HSU students react to new abortion law passed in Arkansas


By Erin Chessin

A new Arkansas law will allow the father of a pregnant woman’s child to sue her if she gets an abortion. There are no exceptions that prevent the father from suing, even in instances of rape and incest.

The Arkansas Unborn Child Protection From Dismemberment Abortion Act was signed and passed on Feb. 16 by Arkansas Governor Asa Hutchinson, according to the Center for Reproductive Rights.

Many HSU students are concerned for how the law will affect women’s rights in the U.S. Sara Narajowski is a kinesiology major at HSU.

“The law is a huge step back for women’s rights,” Narajowski said.

She also said that all women deserve the choice to get an abortion because it is her body that is affected by the pregnancy.

“By pro-choice, every woman has the right to protect herself both physically and emotionally from having an unplanned pregnancy,” Narajowski said.

Abortion laws around the world vary, some countries are more strict about regulating abortion than others. While abortion is legal in the U.S, the new Arkansas abortion law could encourage other states to pass stricter abortion laws in efforts of discouraging women from choosing abortion. Students are concerned this law could cross over to different states and prevent women from having the choice to abort a child in the U.S.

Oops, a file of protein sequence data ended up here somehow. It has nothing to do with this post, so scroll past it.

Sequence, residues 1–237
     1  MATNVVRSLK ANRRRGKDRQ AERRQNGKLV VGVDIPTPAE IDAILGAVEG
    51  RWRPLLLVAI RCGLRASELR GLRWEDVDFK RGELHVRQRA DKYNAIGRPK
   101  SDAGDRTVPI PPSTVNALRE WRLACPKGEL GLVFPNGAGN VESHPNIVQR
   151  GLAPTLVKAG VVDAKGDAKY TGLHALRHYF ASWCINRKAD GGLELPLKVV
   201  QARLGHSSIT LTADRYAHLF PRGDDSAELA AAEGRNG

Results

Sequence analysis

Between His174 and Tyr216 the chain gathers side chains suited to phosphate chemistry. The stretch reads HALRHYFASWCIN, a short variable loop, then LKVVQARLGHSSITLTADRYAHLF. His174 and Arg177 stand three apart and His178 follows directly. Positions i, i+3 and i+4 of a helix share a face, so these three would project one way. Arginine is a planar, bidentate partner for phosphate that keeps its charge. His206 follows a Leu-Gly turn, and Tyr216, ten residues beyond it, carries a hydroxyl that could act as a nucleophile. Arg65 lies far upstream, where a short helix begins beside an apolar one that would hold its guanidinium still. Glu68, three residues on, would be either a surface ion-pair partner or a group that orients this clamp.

Another debate that arises from the new law is whether the law is meant to undermine the Roe v. Wade decision in 1973, which gave women the right to get an abortion without having to state a reason.

Jason Martinez, a major criminal justice major at HSU, is shocked the law managed to pass.

“It’s unfair that a rapist can sue the mother of the unborn child for getting an abortion,” Martinez said. “It undermines how severe the act of rape is because the perpetrator can get money from committing a crime, without caring about the mother or the child.”

Martinez also said that a mother not being able to get an abortion can mean emotional and psychological consequences for the child’s life in result.

“People aren’t thinking about the child’s well being,” Martinz said. “If the mother has to have the child when she wasn’t financially prepared or was raped, this could cause psychological consequences for both the mother and baby.”

Kassidy Hayes is a biopsychology major at HSU.

“The law supports the subordination of women’s rights,” Hayes said.

Hayes said that she feels that abortion is not an easy choice, but it is a rightful choice women should have for the safety of her body.

“It’s interesting how these laws are being passed down by men, who will never know what it’s like to carry a baby,” Hayes said.

Currently, the American Civil Liberties Union of Arkansas is seeking to challenge the abortion bill in court before it goes into effect in 2017.

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